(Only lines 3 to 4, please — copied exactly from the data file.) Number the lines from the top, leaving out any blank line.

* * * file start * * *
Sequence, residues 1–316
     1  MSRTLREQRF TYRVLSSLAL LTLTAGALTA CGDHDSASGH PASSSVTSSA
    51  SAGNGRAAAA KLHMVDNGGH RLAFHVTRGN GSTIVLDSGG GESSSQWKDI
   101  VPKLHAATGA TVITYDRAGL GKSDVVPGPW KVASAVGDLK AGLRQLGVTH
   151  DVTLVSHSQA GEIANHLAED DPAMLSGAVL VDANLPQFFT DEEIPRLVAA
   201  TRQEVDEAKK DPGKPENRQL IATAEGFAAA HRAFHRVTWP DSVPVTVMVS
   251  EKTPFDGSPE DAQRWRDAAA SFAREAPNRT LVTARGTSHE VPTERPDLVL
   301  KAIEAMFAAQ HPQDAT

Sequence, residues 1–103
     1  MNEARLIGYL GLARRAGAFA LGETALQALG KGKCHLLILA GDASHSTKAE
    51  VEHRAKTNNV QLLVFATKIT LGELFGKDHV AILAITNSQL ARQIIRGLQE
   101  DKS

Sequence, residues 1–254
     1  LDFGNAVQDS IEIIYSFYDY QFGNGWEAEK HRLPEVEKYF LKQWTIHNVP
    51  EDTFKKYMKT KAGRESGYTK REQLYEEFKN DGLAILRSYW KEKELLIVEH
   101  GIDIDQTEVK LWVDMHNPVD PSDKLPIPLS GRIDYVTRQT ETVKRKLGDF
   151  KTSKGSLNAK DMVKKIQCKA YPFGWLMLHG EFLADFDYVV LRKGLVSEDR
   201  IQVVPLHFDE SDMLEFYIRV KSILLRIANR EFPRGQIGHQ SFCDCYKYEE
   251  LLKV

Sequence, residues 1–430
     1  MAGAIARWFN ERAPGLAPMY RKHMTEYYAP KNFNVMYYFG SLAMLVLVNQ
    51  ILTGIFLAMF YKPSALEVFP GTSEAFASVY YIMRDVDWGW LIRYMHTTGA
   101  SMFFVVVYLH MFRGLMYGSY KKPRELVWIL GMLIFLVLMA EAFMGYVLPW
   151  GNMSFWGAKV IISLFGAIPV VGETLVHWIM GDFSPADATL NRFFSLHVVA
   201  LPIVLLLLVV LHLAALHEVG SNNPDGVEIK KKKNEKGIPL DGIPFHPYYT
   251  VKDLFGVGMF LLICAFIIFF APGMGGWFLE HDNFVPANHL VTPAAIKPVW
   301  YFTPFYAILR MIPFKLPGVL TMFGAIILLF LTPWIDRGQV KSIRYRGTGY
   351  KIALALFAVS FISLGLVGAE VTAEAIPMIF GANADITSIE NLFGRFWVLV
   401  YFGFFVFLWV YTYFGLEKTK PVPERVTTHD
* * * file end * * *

    51  SAGNGRAAAA KLHMVDNGGH RLAFHVTRGN GSTIVLDSGG GESSSQWKDI
   101  VPKLHAATGA TVITYDRAGL GKSDVVPGPW KVASAVGDLK AGLRQLGVTH